RENEWABLES: A deal struck by Congressional leaders would extend tax breaks for solar and wind energy for five years, but language ending the U.S. ban on crude oil exports means passage is not assured. (The Hill)

• A University of North Carolina research lab estimates about 6% of all deaths around the world can be attributed to outdoor pollution and ozone. (
• The legal showdown is expected to continue after a U.S. Court of Appeals backs the EPA’s stricter standards for mercury emissions. (Greenwire)

***SPONSORED LINK: Rocky Mountain Institute’s e-Lab Accelerator is calling on America’s most innovative teams at the forefront of the electricity transformation looking to take projects to the next level. See if your project is eligible for this invitation-only event April 24—27. ***

• Georgia Power and the University of Georgia are testing solar arrays that track the sun’s movement to maximize the power they can generate. (Athens Banner-Herald)
Duke Energy plans to build — and own — two new solar farms in North Carolina totaling about 75 megawatts after previously relying on power purchase agreements. (Charlotte Business Journal)

• Tempers are rising along with the sea level in Key West, Florida over how to mitigate the changing climate. (Saint Peters Blog)
• A popular Charlotte TV weatherman explains his transition from “hard-core skeptic” to accepting climate science. (The Charlotte Observer)

• Congressional leaders agree to lift 40-year ban on oil exports. (The Wall Street Journal)
West Virginia lawmakers are expected to weigh in on whether mineral owners must sell their natural gas if most of their neighbors previously have agreed to sell. (West Virginia Public Broadcasting)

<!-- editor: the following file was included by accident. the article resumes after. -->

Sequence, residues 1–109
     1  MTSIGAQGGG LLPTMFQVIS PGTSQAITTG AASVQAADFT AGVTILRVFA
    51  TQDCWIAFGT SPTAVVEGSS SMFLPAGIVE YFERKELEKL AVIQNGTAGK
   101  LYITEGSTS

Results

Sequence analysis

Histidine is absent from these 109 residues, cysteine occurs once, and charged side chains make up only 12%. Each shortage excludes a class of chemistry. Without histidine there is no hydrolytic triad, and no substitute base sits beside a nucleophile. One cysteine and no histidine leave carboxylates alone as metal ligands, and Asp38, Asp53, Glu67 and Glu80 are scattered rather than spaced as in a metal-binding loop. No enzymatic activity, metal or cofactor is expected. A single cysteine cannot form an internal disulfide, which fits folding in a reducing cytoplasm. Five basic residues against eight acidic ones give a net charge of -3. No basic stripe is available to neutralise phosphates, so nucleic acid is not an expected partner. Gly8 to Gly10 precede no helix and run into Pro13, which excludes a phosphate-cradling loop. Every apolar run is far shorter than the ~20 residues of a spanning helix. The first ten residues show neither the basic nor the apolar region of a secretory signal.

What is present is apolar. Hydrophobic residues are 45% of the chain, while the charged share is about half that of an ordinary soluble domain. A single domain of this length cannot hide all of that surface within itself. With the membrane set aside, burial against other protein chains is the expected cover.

WIND: An wind industry coalition is to collaborate with a marine industry alliance to develop wind systems off the Virginia coast. (REnews)

NUCLEAR: Entergy shuts down a reactor in Arkansas after operators find feedwater oscillations. (Platts)

FRACKING: New research by Duke University finds fracking hurts the resale value of properties that rely on well water. (Duke University)

• Duke Energy is to ask South Carolina to bury 2 million tons of coal ash at a lined landfill at its W. S. Lee power plant, satisfying some environmentalists. (Charlotte Business Journal; Greenville News)
• Kentucky approves plans for coal ash to be disposed of at two landfills. (Louisville Courier-Journal)

UTILITIES: Georgia regulators are to hold hearings, then decide in May, whether to approve the proposed merger of Southern Co. with AGL Resources. (Atlanta Business Chronicle)

COAL: A union leader says members will strike if the parent company of Jim Walter Resources doesn’t agree to pay health benefits for retirees.  (Tuscaloosa News)

LIQUEFIED NATURAL GAS: Federal regulators are expected to rule soon on construction of the proposed Lake Charles LNG export terminal in Louisiana. (Argus Media)

2010 GULF OIL SPILL: A Mexican civic group seeks remediation for alleged ecological damages from drifting contamination affecting sea life. (Climate Progress)

PIPELINES: A Virginia town asks the state to require local siting restrictions if the proposed Mountain Valley Pipeline is built. (The Franklin News-Post)

• Getting the policy right could mean massive investments of solar in Virginia in 2016. (Power for the People VA)
• Not extending the investment tax credit beyond 2016 will have a particularly bad impact in West Virginia, where solar is finally catching on. (NRDC)
• A devoted “warrior” for solar in Florida shares her experiences seeking signatures to get solar choice on the November 2016 ballot. (The Gainesville Sun)
• Floridians should be able to decide for themselves whether they want their power from solar energy. (Tallahassee Democrat)

Jim Pierobon, a policy, marketing and social media strategist, was a founding contributor to Southeast Energy News. He passed away after a long battle with pancreatic cancer in 2018.

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